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People v. Russell


August 23, 2010


Appeal from a judgment of the Superior Court of San Diego County, David J. Danielsen, Judge. Affirmed, as modified. (Super. Ct. No. SCN217314).

The opinion of the court was delivered by: Huffman, Acting P. J.


Following a court trial, Karl Joseph Russell, Jr. was convicted of first degree murder (Pen. Code,*fn1 § 187, subd. (a) & § 189), evading an officer and causing serious bodily injury or death (Veh. Code, § 2800.3), residential burglary (§§ 459 & 460), and vehicle theft (Veh. Code, § 10851, subd. (a)). The court also found true an allegation that Russell inflicted great bodily injury in the commission of the vehicle theft (§ 12022.7, subd. (a)).

Russell was sentenced to an indeterminate term of 26 years to life, composed of 25 years to life for first degree murder, plus one year for the use of a deadly weapon enhancement pursuant to section 12022, subdivision (b). The court stayed the terms for the remaining counts and enhancements pursuant to section 654.

Russell appeals challenging only his conviction for first degree murder. Russell contends that the felony-murder escape rule should not apply to flight during the commission of a burglary and that even if it does apply the evidence is insufficient to show that the death in this case occurred during an escape from the commission of a burglary. Russell also contends that a sentence of 26 years to life for first degree felony murder is cruel and unusual punishment. We will reject both contentions and affirm the conviction.*fn2


At about 4:30 or 4:35 a.m. on September 5, 2006, Ryan Creighton was outside of his house on North Tremont Street in Oceanside. Creighton was loading his truck in order to go to a 5:30 a.m. fire academy class at Palomar College. Creighton observed movement taking place on the porch of his neighbors across the street, Klaas and Golda Meurs. Creighton saw a shadowy figure moving quickly on the porch of the Meurs's residence. In the process of loading his truck Creighton made a loud sound when he dropped the tail gate of the truck. Creighton noted then that the quickly moving figure stopped, looked in his direction for three to five seconds, then bent over, turned around and went back inside the Meurs's residence. Thereafter, Creighton observed a flashlight sweep in the interior of the Meurs's house. Creighton then noticed what he thought were lights in the upper story bedroom of the Meurs's residence and therefore decided he did not need to call the police.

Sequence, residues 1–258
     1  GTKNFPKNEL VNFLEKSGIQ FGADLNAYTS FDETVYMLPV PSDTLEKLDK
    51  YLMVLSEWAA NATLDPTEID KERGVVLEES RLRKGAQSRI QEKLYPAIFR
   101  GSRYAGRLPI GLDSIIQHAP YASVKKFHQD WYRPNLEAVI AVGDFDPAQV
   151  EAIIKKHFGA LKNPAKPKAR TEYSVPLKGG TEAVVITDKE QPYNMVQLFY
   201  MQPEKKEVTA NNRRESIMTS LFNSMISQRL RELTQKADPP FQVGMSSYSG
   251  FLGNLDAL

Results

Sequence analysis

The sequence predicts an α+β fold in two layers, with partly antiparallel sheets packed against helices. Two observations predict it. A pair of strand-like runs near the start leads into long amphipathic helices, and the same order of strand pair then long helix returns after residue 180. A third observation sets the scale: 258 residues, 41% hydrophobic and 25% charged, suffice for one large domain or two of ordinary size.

Creighton continued to load his truck and then drove away for his training class. He estimated based upon his normal schedule that he would have left about 4:40 a.m. When Creighton left his house, the neighbor's garage door was still down in the normal position.

Investigation later determined that the Meurs's family was away at the time of these events. They had left their white Oldsmobile in their closed garage

Since Russell does not challenge the sufficiency of the evidence to prove the residential burglary, the vehicle theft or his flight from police causing death, we will truncate the discussion of all the facts surrounding those events and deal only with those necessary to provide a foundation for the discussion of the issue of sufficiency of the evidence to prove felony murder.

The investigation revealed that the Meurs's home had been burglarized, that items were taken, including taking the Meurs's white Oldsmobile from the garage. The garage door remained open when the burglar left with the Oldsmobile.

Russell left a duffel bag close to the sliding glass door of the Meurs's residence. Items of Russell's personal property and property taken from the residence were located in that duffel bag.

At about 4:52 a.m., approximately 12 minutes after Creighton had left the Meurs's home where the garage door remained closed, Carlsbad Police Sergeant Mickey Williams observed the Meurs's white Oldsmobile stopped at a red light at the intersection of Plaza Drive and El Camino Real in the city of Carlsbad. Russell was driving the Oldsmobile. The location in Carlsbad is around four miles from the area in Oceanside where Russell had been last seen.

At the time Officer Williams was likely observed by Russell, Williams was driving a marked patrol car, was in uniform and was about to exit the parking lot near the intersection where Russell was stopped at a red light.

Before the light changed, Williams observed Russell rapidly accelerate, driving through the red light and across the intersection. The officer could hear the Oldsmobile accelerating at a rapid rate proceeding southbound on El Camino Real. The police officer activated the patrol car's emergency overhead lights and pursued the white Oldsmobile. The officer estimated that at times the Oldsmobile was traveling 70 to 80 miles per hour in a 35 mile per hour zone.